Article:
Storytelling through Lego-photography is hard, especially because our little plastic friends generally make it more difficult to convey emotions. I hope to have provided you with a few tips and tricks to get the viewers thinking about your image, thus, creating a memorable image. For now, my last two tips on this subject are; be careful naming you image, because a name could guide away the viewer from a story if you’re not careful. And lastly, create technically good photos! People tend to get distracted if there are obvious - non-intentional - technical difficulties with a (Lego-)photo.

Now go and practice, because as you know; practice makes better. I look forward to seeing your creations and if you have any more tips and tricks, let me know in the comments.

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Lego comic panel recreation - Darryl's disappearance

This behind the scenes post is on the recreation of Darryl’s disappearance in the first Foolish Lego comic. In a sense this was the point of no return for Barry. When Darryl disappeared, he could not back out of the adventure anymore.

Darryl disappearance – the original panel

Figure 1 below shows the original panel from episode eight of the first Foolish Lego Comic.

Figure 1; The original panel

The original image – positives

This stage was one of the first ones that was a bit larger than the others. I remember putting a more time into building it, yet, I still missed a lot of the building skills that I have today. What I like is that it does look like a library somewhat, and also a library that has been messed up by Amida in search of some kind of letter. Also there are some antique’s in the back, connecting the library to the Antique store. I also love the choice of face for Darryl. Because it’s almost the only thin we can still see of him, it really conveys his fear.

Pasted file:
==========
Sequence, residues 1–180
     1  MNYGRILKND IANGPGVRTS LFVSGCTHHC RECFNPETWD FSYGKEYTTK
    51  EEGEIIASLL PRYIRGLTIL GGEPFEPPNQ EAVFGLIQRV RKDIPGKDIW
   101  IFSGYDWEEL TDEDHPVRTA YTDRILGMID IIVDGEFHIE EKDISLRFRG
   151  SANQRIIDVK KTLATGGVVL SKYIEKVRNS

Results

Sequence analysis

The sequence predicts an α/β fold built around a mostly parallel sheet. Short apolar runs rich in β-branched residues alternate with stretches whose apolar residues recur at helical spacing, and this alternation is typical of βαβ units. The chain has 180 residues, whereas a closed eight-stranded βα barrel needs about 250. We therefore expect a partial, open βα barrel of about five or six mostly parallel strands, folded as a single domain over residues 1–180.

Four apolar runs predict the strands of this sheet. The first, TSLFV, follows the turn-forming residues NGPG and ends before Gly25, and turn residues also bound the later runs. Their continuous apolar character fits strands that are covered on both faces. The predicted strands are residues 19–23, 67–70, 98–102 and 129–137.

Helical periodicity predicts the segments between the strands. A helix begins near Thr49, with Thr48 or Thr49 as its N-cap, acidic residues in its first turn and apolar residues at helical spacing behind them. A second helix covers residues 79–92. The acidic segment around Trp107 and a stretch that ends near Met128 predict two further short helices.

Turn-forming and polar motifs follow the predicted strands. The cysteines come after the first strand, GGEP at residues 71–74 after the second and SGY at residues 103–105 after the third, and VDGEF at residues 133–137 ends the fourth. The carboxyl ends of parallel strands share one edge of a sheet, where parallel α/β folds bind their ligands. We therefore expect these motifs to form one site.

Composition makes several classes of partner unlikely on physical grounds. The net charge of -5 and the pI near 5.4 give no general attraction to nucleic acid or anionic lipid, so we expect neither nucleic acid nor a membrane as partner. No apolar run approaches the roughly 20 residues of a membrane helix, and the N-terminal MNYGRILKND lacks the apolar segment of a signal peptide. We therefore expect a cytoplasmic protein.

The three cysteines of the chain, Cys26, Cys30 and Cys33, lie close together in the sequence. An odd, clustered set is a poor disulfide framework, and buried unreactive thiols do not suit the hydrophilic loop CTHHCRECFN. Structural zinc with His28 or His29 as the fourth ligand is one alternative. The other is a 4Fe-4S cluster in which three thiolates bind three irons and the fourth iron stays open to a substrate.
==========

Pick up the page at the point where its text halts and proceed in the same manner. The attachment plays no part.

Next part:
The original image – Room for improvement

As with almost all panels from the beginning the atmosphere in this photo suffers from the lack of proper lighting, I simply wanted to have everything illuminated and that was it.

A thing that also annoyed me, is that the style of this stage was completely different from the style of the shop itself. There was no indication of a connection beyond the few antiques in the back of this stage.

Concerning the perspective, the high point of view is not too bad, however, the use of depth-of-field is (again) confusing. The one thing that is in focus are the books, and they are not that important. I’m guessing the attention of the reader will eventually reach Darryll, but it’s almost as if it is not THAT important. The lack of importance is also somewhat stated by the stance of Barry. He looks like he’s casually walking towards Darryl, not trying to reach him or anything. You might think he is in shock, but then I would’ve expected him to stand in place.

You might also think the right lower corner is wrong; you can see the end of te floor there. However, this did not actually matter. The first comic had a different aspect ratio than the current comic. This meant that I needed to crop all photos in height, and thus, this mistake did not show up in the comic.

Darryl’s disappearance – the recreation

Figure 2 below shows the remake of this panel.

Figure 2; The recreation

The stage

I use the same style elements in this build, I used for the inside of the store, and even for the storefront; they are all combinations of wood and stone, creating the feeling of looking at on building. I still wanted to have some books, but also displayed a few other elements. The most striking difference in this panel is the addition of the statue. Eventually, this statue will be the entrance to the basement. A small visual hint to this is the key she’s holding. When Strabo speaks his ‘magical’ words, her candle wil light up, and the passageway will open.


The one and only focus in this panel is the interaction between Barry and disappearing Darryl. Barry’s running towards Darryl, almost able to grab his hand, however in the next panel, he would’ve fallen to floor and Darryl would be gone. I also changed the perspective in such a way that both the faces of Darryl (the same expression as the original panel) AND Barry can be seen. NOW the fear/ fright of Barry shows, while Strabo looks more detached.

Color and mood

Again, the color and mood are brought more in line with the inside of the store. With the addition of the blue color emitted by the (upgraded) effect of darryl disappearing. The effect of course is the same one used for the teleportation of Amida.

Before and after

Below are the before and after images joined in one image. You can use the slider to show the one or the other.